As loneliness increased those with low self-esteem and a need to be liked, used alcohol to self-medicate. As going outside wasn’t an option, people with an impulsive personality would find a quick distraction in a drink.
Personal Choice Factors
Boredom during the pandemic led 30.1% of Britons to drink alcohol. With normal life suspended, millions used alcohol to entertain themselves. However, as the pandemic lasted for over a year, the length of excess drinking led to alcohol dependence.
The physical change in neurochemistry meant that those without an alcohol addiction developed one from overuse.
Drinking History Factors
There is no defining timeline to develop alcoholism. However, the more exposed one is to excessive drinking, the more likely the addiction can develop.
A study by scientists Rudolf Moos and Bernice Moos showed that “natural remission” is normally followed by “a high likelihood of relapse”. This means that, without help, someone with a history of drinking will likely fall back into alcohol abuse.
As the NHS was not able to care for mental health and therefore alcoholic prevention, natural remission was one of the only options for alcoholics. This would inevitably fail, causing life-risking damage and a rise in alcohol-related deaths.
Genetic History Factors
Though it is not often considered, a child of an alcoholic is more likely to become an alcoholic than a child who is not – even if they are not raised by alcoholics.
In 1990, a study by Gordis, Tabakoff, and Goldman showed that twins and adopted children would take after their alcoholic biological parents, rather than the social connection of their family. Showing that alcoholism is genetic.
Familial And Environmental Factors
Genetics are not the only influence from family. The way in which a family views alcohol is also an important factor. If a child grows up in an environment in which heavy drinking is practised or normalised then they are likely to become a heavy drinker.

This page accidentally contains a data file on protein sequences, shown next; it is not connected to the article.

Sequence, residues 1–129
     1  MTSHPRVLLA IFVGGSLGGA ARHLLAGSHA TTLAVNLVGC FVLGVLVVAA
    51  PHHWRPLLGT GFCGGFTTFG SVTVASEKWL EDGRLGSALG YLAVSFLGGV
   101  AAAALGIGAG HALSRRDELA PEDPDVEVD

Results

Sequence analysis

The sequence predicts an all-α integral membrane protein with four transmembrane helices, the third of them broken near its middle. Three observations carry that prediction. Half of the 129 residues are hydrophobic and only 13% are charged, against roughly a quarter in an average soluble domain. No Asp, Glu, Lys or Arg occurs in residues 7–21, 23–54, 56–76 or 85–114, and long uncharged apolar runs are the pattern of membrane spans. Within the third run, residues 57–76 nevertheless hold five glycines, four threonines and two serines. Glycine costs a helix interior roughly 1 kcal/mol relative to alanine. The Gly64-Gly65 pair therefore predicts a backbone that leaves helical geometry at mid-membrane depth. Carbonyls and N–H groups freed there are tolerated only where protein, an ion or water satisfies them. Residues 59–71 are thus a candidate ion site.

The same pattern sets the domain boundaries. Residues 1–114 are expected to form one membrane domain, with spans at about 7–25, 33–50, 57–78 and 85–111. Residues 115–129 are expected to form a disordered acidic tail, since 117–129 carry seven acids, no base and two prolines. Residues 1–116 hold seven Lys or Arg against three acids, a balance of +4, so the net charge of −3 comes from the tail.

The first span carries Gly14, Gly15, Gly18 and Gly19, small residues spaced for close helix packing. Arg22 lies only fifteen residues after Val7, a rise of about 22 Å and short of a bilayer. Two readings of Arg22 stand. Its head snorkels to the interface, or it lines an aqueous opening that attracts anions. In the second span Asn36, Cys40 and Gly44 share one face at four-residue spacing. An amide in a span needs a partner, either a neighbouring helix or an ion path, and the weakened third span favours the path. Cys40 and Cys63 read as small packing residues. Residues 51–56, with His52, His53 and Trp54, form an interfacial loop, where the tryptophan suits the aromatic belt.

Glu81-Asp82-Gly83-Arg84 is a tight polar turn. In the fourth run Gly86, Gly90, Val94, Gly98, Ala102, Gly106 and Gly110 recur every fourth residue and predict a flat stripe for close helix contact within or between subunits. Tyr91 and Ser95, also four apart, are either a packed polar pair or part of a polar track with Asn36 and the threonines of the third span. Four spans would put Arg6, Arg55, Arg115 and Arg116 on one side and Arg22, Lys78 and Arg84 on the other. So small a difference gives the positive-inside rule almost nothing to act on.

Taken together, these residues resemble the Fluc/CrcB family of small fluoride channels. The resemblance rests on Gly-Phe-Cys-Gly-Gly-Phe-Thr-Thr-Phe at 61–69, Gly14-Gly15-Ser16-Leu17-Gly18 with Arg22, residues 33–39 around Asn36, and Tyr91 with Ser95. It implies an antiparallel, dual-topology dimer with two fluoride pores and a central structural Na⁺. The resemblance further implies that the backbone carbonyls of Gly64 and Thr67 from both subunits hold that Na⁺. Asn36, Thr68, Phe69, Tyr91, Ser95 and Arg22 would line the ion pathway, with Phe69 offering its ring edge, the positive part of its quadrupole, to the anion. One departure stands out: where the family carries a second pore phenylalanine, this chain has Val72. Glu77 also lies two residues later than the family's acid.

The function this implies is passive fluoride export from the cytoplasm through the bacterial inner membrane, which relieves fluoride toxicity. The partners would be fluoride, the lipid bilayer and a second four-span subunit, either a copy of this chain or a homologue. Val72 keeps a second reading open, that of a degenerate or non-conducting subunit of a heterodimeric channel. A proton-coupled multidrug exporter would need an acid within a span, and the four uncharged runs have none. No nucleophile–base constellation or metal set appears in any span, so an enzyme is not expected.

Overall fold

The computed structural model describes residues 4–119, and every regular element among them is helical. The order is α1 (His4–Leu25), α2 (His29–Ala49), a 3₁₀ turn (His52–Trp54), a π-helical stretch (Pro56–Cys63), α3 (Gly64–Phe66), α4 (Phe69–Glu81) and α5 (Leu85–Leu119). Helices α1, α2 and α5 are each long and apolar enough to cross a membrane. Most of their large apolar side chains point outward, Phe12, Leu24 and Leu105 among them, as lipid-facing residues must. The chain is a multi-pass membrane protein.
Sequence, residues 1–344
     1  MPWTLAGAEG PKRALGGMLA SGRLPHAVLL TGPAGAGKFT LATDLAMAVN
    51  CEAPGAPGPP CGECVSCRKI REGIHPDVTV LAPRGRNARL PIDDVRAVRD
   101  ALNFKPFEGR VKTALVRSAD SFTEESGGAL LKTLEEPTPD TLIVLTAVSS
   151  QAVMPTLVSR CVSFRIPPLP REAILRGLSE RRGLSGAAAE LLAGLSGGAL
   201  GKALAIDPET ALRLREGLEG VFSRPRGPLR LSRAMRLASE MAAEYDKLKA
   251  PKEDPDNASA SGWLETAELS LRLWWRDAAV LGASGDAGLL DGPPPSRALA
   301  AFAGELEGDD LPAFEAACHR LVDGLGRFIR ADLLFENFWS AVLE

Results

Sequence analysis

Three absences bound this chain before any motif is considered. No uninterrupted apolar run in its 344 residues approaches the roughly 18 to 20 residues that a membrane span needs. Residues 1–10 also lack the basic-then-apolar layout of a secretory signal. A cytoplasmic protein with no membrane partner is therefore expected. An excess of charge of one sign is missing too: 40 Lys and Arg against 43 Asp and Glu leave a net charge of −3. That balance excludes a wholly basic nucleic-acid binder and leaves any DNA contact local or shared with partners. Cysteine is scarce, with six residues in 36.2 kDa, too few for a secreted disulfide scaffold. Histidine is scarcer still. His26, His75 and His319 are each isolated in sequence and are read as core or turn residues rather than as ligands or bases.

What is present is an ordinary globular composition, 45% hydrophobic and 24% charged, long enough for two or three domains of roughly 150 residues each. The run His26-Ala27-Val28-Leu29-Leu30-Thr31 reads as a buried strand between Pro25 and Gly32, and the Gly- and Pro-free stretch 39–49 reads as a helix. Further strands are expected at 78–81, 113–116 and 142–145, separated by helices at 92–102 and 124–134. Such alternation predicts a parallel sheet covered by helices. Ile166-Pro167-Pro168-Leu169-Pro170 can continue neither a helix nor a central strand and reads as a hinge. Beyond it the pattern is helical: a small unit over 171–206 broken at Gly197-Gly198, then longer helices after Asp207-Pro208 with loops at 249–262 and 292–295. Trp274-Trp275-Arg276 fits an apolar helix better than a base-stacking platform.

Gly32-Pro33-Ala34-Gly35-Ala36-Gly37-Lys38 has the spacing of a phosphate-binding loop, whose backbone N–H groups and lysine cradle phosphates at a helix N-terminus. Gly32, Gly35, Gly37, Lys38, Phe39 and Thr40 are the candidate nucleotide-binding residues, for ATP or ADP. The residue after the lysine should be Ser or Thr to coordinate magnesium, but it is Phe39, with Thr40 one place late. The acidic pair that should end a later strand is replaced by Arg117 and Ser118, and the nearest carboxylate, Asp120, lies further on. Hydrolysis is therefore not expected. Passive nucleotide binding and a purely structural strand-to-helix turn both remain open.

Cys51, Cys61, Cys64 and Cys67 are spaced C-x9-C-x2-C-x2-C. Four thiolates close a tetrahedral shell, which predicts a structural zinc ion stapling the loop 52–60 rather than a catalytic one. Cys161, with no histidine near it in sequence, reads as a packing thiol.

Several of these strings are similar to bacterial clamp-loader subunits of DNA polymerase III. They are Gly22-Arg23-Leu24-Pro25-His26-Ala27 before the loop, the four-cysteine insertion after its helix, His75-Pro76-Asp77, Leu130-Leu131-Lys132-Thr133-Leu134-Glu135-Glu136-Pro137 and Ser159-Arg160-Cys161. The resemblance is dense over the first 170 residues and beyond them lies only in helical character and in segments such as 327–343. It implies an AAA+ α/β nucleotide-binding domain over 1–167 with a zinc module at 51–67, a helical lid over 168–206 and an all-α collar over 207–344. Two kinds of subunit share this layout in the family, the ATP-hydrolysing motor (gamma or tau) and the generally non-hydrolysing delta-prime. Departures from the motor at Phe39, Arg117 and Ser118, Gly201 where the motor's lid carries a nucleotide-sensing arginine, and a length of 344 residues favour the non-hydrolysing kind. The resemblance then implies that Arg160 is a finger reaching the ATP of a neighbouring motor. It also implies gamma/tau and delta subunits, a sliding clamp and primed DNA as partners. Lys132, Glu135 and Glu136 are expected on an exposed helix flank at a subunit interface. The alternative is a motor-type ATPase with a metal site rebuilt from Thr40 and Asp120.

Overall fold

In some families, heavy drinking may be glamorised, or normalised, and it may even be expected of members of the family.
This means that alcohol addiction becomes a part of the social structure, and in an attempt to be a part of the family, alcoholism may bloom.
Being locked in a home with a family who drinks socially, means avoiding drinking can cause disruption in the family dynamic. Making family peer pressure a leading factor in teenagers casually drinking during the pandemic.
Social And Cultural Factors
British culture is deeply tied to drinking. 30% of TV shows include teen drinking, creating a social goal for teenagers. 84% of office events involve binge drinking. And there are 58 pubs per 100,000 people in the UK.
This was seen in 2020, when the public’s biggest outcry was from the multiple closures and reopenings of pubs.
Due to the pubs closing, withdrawal symptoms became obvious to unassuming drinkers. This either motivated a detox or encouraged excess drinking.
The Overall Effects Of Covid-19 On Alcoholism
In the UK, there was a rise in alcohol abuse during the Covid-19 pandemic, and while the statistics have seen numbers decrease somewhat since the pandemic year, it’s not over yet.
The nation will be reaping the consequences for years to come. An increase in drinking leads to long-term health conditions, some of which will not necessarily surface for a few years. Thus, the alcohol abuse during the pandemic will come back to haunt the country.
If someone suffers from an alcohol addiction or dependency, do not feel afraid to ask for help. Get regular health check-ups, and try to kill the reliance, help is out there.
Alcohol is the deadliest drug in the world, the world needs to fight it as hard as it fought Covid-19.